Even the most rock-solid of investment plans won’t give you the same illusion of control as your favorite talking head who pretends to know what’s going to happen next in the stock market.

What happens next in the market is completely out of our hands which is why the most important reason for creating an investment plan is that it forces you to focus on what you can control.

The IRS is extending the federal income tax filing deadline to July 15 as part of a growing effort to stem the financial pain from the coronavirus pandemic, Treasury Secretary Steven Mnuchin announced Friday.

The move gives Americans three months more than they normally would have to file their income tax returns for the 2019 tax year, without incurring interest or penalties.

President Donald Trump later Friday said that “hopefully” by the time the new deadline arrives “people will be getting back to their lives.”

“At @realDonaldTrump’s direction, we are moving Tax Day from April 15 to July 15,” Mnuchin wrote in a tweet about the extension.

“All taxpayers and businesses will have this additional time to file and make payments without interest or penalties,” he wrote.

Trump echoed that suggestion during a White House press conference.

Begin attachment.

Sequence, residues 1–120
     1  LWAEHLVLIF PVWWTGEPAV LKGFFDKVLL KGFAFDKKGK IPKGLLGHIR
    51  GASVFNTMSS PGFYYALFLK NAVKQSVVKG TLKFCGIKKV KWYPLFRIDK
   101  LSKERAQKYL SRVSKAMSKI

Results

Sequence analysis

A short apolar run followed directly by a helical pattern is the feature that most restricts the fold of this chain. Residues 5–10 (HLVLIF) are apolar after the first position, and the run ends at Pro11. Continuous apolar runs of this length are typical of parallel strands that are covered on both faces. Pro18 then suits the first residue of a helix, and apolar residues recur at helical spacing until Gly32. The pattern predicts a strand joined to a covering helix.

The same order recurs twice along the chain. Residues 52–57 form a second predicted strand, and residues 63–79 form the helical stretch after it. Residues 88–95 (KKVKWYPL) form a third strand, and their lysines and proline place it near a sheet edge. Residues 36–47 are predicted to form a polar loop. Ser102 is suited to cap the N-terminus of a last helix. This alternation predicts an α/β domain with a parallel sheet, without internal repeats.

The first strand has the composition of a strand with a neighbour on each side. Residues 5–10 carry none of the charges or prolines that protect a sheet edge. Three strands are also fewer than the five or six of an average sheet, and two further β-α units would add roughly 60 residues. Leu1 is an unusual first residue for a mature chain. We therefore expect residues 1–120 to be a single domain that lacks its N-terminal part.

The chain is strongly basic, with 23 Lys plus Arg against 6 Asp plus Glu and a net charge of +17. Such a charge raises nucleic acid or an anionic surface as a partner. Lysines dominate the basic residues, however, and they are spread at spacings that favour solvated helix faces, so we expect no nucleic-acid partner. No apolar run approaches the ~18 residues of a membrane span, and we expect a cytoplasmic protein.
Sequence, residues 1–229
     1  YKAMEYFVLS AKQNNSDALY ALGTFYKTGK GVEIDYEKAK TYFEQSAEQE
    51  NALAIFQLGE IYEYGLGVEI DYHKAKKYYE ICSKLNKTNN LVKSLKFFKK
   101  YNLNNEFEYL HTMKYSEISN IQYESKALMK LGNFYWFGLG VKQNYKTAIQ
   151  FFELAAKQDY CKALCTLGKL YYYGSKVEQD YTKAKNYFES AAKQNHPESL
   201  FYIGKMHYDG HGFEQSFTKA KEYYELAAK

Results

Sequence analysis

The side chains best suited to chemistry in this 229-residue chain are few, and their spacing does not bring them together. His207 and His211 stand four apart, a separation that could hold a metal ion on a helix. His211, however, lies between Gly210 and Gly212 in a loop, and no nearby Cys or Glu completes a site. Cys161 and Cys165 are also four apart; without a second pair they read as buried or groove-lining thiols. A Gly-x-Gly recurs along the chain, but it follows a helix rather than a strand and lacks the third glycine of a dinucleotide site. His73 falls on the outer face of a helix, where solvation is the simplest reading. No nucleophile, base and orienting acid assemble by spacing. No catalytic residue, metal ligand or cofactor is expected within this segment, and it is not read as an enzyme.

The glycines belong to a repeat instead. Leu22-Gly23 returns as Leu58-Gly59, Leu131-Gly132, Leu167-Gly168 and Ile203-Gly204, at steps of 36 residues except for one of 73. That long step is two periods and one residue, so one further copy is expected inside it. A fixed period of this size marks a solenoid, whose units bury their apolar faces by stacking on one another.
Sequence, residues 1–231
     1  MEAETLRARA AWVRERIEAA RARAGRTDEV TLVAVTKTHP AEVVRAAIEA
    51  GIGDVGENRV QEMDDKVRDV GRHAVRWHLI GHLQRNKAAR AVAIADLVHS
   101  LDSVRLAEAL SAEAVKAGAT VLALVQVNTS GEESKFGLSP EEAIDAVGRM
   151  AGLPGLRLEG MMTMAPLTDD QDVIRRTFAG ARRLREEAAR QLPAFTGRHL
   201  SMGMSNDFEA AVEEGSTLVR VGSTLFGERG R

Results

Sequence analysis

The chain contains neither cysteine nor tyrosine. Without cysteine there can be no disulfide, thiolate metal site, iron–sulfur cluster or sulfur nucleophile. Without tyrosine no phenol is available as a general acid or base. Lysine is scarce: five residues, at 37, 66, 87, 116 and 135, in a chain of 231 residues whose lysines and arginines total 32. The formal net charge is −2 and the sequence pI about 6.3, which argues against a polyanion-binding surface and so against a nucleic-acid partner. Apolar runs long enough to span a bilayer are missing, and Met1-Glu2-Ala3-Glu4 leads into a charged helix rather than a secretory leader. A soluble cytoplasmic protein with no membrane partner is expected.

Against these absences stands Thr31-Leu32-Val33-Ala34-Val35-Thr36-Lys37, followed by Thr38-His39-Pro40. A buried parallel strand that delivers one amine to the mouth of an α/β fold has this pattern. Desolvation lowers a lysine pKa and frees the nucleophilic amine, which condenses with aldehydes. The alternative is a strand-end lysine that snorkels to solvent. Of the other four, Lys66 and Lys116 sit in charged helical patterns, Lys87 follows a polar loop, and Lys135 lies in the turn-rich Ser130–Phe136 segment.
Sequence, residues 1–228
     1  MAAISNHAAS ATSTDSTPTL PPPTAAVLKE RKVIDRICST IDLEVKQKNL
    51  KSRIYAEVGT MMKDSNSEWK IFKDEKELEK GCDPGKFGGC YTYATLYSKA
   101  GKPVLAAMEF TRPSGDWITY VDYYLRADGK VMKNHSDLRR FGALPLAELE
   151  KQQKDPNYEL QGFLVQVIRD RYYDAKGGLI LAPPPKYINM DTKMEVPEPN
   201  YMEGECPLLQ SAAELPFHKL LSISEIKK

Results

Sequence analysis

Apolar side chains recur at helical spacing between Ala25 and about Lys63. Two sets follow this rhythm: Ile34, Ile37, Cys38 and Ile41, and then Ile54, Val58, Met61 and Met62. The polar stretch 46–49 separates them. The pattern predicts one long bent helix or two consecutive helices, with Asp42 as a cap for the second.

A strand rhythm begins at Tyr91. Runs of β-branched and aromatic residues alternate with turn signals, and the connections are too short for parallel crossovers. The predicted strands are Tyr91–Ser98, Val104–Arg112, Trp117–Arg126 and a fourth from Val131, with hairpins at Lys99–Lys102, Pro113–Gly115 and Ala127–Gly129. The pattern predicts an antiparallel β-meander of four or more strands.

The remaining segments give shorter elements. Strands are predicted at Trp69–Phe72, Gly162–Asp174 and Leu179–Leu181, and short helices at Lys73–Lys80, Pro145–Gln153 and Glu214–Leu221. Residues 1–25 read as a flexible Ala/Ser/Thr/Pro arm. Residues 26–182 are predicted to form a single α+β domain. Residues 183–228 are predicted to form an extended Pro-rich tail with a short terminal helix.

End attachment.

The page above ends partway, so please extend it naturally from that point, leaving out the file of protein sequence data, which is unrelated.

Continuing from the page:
Most Americans are entitled to refunds when they file their federal tax returns.

As of March 13, the Internal Revenue Service had issued 59.2 million refunds out of the 76.2 million million individual income tax returns it had received, or 77.7% of the total number of returns filed by that date.

The average refund check was $2,973, according to IRS data.

Many individual states already had extended their own tax filing deadlines to various dates to give people relief from the financial fallout of the coronavirus outbreak, which has shuttered businesses nationwide and led to large-scale layoffs.

The IRS move will increase pressure on states to align their deadlines with the new one for federal income tax returns.

New York Gov. Andrew Cuomo, asked at a press conference if state residents should pay their state income taxes by the New York deadline of April 15, said the new federal guideline should be followed.

The IRS did not immediately return a call for comment from CNBC. It is not clear if the deadline extension also will include the deadline for funding Individual Retirement Accounts for the 2019 tax year.

A proposal to extend the federal filing deadline to July was included in the Senate’s coronavirus economic stimulus bill, which was released Thursday by Majority Leader Mitch McConnell, R-Ky.

That proposed relief package calls for new federal spending that could top $1 trillion.

Earlier this week, the Treasury Department released guidance that would have pushed back only the deadline for making federal tax payments — not for filing tax returns —  to July 15.

That 90-day reprieve on payments would have applied to 2019 income taxes owed, plus first-quarter tax payments that would have been due on April 15.